Beckerhead #int((2/3)*100)
    "You have to admit it's a good looking heart attack." --Tradewater

  8. #2988
    Quote Originally Posted by daizee View Post
    Haha, well I dunno about 'happy', but it stayed nice and tight while whacking on some red oak this afternoon, so I'm gonna call it good-enough until it says otherwise. Not my best work, but it's time to make sheaths. Or knives.
    Happens. Here is one I slammed in. There is a space in one side, I split the wedge in two spots, busted a piece out, and because In a hurry to use it I never even sanded the wedge down flush. I usually take great pride in my hangs. Happens. What do you want to bet this is the last one to come loose? Lol. It is an awesome db on a SLIM 34 straight.
    One before shot, then after some WD-40 to bring out the stamps. The edge is a work in progress




    Last edited by Woodcraft; 03-19-2017 at 09:28 PM.

  9. #2989
    Just finished up this Plumb National. Fixed up the nicks and dings on the bit, wire brushed to remove the rust, gave it a blued finish and sharpened it up. Hung it on a new hickory haft, grain isn't the best though, and wedged it with some dark walnut. Sanded and BLO.


  10. #2990
    Join Date
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    Your hang looks great and I wouldn't be the slightest concerned about the grain. It's continuous - no run out. But I might take a file to that edge and refine the bevel a bit.

  11. #2991
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    Andrew, nice work. Can I ask what you used on the handle?

  12. #2992
    Quote Originally Posted by Agent_H View Post
    Andrew, nice work. Can I ask what you used on the handle?
    Just sanded and boiled linseed oil.

  13. #2993
    Quote Originally Posted by Square_peg View Post
    Your hang looks great and I wouldn't be the slightest concerned about the grain. It's continuous - no run out. But I might take a file to that edge and refine the bevel a bit.
    Thanks! Do you think the edge needs a more steep or shallow bevel? I filed out several chips in the blade but smoothed out the bevel in the process.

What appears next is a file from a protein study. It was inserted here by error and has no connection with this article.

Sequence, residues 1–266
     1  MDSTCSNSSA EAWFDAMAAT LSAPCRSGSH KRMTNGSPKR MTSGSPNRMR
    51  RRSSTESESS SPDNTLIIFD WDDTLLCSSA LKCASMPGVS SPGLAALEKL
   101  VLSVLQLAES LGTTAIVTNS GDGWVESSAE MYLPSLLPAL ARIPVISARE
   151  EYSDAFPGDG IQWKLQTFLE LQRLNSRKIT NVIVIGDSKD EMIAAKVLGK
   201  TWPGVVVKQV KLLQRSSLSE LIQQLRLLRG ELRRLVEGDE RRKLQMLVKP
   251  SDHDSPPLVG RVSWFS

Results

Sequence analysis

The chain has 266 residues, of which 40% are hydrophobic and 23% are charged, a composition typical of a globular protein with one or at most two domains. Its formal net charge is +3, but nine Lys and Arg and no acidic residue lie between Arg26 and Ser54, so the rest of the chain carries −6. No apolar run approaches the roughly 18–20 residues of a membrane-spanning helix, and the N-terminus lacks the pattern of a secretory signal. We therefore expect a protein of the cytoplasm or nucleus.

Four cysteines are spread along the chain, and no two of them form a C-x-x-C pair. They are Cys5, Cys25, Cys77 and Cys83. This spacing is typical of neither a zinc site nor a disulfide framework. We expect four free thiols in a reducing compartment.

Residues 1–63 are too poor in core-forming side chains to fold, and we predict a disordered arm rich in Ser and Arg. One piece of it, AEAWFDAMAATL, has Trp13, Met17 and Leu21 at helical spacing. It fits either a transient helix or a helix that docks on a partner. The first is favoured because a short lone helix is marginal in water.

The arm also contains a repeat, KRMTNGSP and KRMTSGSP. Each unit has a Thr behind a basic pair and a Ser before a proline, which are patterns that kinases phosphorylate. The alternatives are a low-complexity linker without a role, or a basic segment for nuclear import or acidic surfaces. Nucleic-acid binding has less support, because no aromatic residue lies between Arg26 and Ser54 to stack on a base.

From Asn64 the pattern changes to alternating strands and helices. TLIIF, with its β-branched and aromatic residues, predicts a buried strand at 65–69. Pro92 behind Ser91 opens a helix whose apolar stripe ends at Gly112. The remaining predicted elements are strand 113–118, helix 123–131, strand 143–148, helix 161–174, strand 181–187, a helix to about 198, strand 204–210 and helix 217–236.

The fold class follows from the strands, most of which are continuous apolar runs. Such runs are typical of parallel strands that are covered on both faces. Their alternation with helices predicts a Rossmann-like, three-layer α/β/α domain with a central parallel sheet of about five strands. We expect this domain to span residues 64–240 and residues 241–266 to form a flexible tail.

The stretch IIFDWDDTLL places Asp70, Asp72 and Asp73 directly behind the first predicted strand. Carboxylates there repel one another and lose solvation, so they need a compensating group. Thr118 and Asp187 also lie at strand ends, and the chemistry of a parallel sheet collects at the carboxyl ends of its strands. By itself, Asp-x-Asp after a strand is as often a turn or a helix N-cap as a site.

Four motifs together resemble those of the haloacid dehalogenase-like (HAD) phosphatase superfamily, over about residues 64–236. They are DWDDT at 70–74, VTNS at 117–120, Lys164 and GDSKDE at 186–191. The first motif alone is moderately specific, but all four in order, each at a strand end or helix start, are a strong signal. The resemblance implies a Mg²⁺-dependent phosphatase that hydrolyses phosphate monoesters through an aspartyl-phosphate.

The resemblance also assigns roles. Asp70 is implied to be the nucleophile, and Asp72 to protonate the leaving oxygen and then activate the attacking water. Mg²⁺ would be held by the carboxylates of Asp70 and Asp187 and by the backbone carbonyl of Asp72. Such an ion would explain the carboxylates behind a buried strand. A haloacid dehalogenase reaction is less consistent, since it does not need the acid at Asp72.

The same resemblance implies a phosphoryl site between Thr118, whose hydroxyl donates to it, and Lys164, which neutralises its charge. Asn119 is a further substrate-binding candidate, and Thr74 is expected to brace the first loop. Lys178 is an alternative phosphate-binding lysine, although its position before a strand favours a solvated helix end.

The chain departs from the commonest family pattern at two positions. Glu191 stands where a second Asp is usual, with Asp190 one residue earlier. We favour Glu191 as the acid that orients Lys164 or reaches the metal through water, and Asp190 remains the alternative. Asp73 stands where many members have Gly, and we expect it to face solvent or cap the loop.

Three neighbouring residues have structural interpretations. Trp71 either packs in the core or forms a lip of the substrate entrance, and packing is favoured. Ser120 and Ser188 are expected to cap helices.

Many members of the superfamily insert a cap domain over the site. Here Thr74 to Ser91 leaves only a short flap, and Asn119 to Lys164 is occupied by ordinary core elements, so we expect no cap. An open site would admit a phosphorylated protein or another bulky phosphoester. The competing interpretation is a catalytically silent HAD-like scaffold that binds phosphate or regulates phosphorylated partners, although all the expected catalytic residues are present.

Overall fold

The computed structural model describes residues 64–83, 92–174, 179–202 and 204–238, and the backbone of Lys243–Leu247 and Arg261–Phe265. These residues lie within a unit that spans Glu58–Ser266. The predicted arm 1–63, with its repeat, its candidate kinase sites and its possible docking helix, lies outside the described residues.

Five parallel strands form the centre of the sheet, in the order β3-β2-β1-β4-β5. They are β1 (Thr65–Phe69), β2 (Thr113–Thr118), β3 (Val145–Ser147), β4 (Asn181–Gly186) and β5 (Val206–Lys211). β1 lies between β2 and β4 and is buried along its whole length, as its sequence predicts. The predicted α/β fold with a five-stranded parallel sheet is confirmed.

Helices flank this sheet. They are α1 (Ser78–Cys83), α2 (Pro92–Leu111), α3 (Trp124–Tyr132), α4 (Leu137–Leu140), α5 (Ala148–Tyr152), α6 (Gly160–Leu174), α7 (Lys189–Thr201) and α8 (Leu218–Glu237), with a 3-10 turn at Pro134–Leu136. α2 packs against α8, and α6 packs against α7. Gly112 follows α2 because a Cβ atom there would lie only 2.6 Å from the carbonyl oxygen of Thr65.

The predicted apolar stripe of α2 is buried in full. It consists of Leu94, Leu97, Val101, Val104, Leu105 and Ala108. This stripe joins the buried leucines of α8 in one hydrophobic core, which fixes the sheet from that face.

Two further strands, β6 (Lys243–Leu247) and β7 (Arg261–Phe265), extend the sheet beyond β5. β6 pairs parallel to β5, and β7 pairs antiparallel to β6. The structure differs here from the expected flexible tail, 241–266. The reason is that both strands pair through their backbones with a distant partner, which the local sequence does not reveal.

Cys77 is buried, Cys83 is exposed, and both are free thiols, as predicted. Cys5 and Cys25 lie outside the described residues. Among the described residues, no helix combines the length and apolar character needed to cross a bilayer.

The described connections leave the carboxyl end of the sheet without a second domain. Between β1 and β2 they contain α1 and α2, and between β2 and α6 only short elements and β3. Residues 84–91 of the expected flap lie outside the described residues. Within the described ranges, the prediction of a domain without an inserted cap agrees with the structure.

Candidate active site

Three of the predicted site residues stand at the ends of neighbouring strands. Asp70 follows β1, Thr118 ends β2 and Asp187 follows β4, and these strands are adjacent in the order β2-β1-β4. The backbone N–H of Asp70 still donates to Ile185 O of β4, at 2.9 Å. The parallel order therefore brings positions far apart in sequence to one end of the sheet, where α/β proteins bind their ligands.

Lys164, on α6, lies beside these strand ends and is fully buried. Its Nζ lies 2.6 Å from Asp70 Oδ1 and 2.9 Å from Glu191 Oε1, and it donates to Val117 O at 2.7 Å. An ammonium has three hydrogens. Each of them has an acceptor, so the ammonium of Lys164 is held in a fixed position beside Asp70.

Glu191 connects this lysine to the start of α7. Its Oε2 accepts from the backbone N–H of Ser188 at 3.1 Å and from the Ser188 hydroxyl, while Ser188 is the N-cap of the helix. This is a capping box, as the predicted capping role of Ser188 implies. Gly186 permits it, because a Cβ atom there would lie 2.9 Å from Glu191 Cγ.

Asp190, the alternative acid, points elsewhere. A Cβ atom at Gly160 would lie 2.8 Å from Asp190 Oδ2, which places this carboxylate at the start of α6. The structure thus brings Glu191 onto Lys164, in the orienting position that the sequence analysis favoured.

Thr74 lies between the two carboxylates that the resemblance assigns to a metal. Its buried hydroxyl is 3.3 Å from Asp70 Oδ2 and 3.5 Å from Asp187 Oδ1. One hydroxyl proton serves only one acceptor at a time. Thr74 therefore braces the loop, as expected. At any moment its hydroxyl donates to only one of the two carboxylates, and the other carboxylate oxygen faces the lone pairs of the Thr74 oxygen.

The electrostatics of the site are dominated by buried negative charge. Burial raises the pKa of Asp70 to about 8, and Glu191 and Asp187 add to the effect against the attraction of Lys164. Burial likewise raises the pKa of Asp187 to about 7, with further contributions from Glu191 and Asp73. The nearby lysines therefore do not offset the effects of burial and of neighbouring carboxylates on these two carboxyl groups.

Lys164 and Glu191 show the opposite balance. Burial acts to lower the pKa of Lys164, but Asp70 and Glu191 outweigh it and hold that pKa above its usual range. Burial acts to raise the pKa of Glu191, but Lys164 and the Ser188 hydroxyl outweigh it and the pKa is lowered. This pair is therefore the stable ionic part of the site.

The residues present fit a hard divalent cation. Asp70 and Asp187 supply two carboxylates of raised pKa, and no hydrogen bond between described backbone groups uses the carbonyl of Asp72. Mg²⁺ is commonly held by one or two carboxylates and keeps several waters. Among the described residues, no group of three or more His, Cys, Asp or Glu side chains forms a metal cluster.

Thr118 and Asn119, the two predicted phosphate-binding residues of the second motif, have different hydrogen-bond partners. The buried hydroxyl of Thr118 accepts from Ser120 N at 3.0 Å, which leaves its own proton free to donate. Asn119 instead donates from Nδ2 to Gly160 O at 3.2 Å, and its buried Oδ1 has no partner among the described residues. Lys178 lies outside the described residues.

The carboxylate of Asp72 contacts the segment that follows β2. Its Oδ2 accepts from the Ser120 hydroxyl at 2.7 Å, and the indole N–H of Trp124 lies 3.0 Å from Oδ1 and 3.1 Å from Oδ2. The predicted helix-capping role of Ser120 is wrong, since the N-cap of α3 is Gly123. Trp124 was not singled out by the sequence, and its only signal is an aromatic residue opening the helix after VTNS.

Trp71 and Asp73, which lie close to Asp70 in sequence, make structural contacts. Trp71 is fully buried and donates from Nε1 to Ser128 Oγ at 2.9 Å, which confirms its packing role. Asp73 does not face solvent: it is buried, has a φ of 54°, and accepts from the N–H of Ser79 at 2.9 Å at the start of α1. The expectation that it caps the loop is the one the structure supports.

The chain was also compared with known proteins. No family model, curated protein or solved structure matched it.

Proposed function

14. #2994
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    I was thinking a slighty thinner bevel. But it's hard to be certain without seeing the edge profile and comparing it to an axe sharpening gauge. I'm just judging by the length of the bevel. Maybe you're OK now.

  15. #2995
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    I finally got around to hanging this old girl again. I tried a 36" Octagonal Haft originally, but it was too unweildly for me. I have never found a handle that I've really liked, I mostly tolerate them. I can appreciate good handles, but none have been completely comfortable. I'm a pretty short guy, so 36" handles on axes have never really worked for me. It's rather embarrasing admitting it, but handles that long make 3 pounders feel like 5's with that extra length to me.

    So, I splurged and got a curved 31" Gransfors handle for their American Felling Axe. I bought it in the hopes that I would like it so I could use it as a template for other handles later down the road. It looks and feels better than in photographs. I'm not gonna lie, this is probably the best-feeling handle I've had on any of my axes so far...and I hate curved handles.

    I should have used this opportunity to try a cross wedge for the first time because of how large the eye on this head is, but I didn't want to chance ruining a good handle. I'll try it out later down the road I guess.

    This old girl makes chips fly now, it feels pretty great











    -Jim
    WTB: Kifaru Woobie in Foliage Green

    WTS: Damascus Case Seahorse in Stag and various GEC's

  16. #2996
    Deadfall27, At a glance that axe reminds me of the helco work axe. It looks good.

  17. #2997
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  18. #2998
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    looks good johnny